The S22 tiny house doesn't make use of hay bales, like some similar projects we've seen, but was built using prefabricated panels consisting of straw pressed into a wooden frame. According to Strawmodul, this offers excellent insulation.

"The straw panel's thickness is 200 - 400 mm [7.8 - 15.7 in]," says the firm. "It exceeds heat-insulating indicators of wooden walls more than twice, brick walls more than three times. The heat loss corresponds with the European standard of Passive Houses."

View of the S22's kitchen, with bathroom in the background 
View of the S22's kitchen, with bathroom in the background 

The model shown is Strawmodul's first tiny house and was installed in Crimea, though the firm is now working on three more. It's raised roughly 6 m (20 ft) above the ground on stilts due to the steep hillside plot and has a total floorspace of 22 sq m (236 sq ft), spread over two floors.

Access is gained by steps. Once inside, the ground floor includes a small kitchenette, a dining area, and a bathroom with washing machine, shower, toilet and sink. A ladder is used to reach the sole bedroom upstairs.

As with many prefabricated building companies however, Strawmodul offers lots of different options. Its homes can come in multiple sizes and configurations, and can also be expanded with relative ease by building additional walls, it says.

"We build the extra walls without knocking down the existing ones," explains architect Ilya Shevchenko. "We only demount a straw panel under the window, which is going to be a door opening. We save the demounted window with frame and install it into a new end wall."

Looking down from the upstairs bedroom in the S22 
Looking down from the upstairs bedroom in the S22 

The S22 optionally runs off-the-grid with a solar panel setup and a composting toilet, and is bought as a kit starting at US$17,000, which doesn't include the solar panels. Strawmodul told us that it aims to make kits available throughout Europe and the US, though warns that shipping fees and taxes may well increase the price.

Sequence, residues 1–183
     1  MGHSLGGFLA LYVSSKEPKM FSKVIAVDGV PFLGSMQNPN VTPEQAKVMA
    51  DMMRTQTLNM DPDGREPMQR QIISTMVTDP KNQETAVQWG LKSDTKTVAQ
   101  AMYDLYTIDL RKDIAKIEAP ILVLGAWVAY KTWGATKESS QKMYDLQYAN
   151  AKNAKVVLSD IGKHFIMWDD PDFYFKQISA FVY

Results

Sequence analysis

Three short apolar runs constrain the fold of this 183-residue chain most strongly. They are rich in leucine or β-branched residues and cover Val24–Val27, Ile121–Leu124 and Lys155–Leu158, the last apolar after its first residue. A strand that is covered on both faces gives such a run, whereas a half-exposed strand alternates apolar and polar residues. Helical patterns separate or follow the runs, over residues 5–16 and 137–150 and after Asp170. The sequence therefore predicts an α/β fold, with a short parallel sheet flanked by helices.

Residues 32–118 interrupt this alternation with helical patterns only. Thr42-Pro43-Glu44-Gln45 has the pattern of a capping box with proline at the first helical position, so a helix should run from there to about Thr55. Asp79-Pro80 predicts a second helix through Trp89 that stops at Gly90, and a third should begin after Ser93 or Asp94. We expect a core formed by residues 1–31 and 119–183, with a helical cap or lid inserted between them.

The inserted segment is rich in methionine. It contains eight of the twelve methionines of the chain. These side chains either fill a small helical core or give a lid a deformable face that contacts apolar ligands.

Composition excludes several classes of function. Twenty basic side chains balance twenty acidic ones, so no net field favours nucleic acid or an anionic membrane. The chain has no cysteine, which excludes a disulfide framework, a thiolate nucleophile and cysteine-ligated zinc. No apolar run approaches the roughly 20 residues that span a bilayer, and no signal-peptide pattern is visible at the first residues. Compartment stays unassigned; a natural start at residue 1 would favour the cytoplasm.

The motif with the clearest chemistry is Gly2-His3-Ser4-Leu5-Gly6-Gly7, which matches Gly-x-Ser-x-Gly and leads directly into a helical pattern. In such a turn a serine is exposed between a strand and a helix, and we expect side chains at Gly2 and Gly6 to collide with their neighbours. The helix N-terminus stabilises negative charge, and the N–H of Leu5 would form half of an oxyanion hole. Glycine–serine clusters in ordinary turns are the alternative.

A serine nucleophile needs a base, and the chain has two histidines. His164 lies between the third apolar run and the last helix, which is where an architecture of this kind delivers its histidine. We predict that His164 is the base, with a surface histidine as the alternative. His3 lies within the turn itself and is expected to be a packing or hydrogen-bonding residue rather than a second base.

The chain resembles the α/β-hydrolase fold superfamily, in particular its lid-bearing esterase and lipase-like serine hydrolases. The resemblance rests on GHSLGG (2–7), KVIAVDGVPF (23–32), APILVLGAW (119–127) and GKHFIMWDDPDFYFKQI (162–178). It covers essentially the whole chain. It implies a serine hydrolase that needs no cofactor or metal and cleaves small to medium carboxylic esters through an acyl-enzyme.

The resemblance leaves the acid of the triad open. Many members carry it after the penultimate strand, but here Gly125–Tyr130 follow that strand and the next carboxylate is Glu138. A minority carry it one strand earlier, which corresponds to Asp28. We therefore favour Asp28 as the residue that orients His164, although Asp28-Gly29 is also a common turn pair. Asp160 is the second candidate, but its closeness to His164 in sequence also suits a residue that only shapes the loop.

Source: Strawmodul

6 comments
Quietrunner
Technically a straw filled wall should have an R value something like 10 to 15 times better than any masonry, including brick, stone, or just concrete blocks. I'm an Engineer, that's what I do.
Dan Marsh
The most notable aspect of the building is the trapped decking that could kill someone!
Username
This is a silly comparison, nobody uses brick as an insulator.
toyhouse
Fascinating. I'm just wondering if the straw being discussed here is treated somehow; to fight pests, microbes - that sort of thing? Or is that even needed? I was hoping they'd show a cross-section image of a wall to see how the straw is processed inside. As for user-name's comment; it's common to see bricks/blocks used to block-out heat in desert regions etc. Adobe as well. They weren't always the chosen building material due due to limited building materials in those areas. They were chosen for a reason. Not sure it's as popular as it once was though for various reasons - others may know more.
Strawmodul
@toyhouse Clay plastering 40 mm inside and 20 mm outside. There are no housewraps into a wall.
ljaques
I hope the straw and wood are heavily treated with borates prior to installation, to keep the bugs out and fire hazards down. Not too bad for a low-income pad. "Our 15.7 inch thick walls are twice as insulating as a tubafore wall." Who would have guessed? LOL I like the flip-up deck which protects the glass wall. Combined with a gate at the steps, it ensures that only potential burglars would either squish a nut (ow, ow, ow, ow, ow!) or fall to break a leg or neck.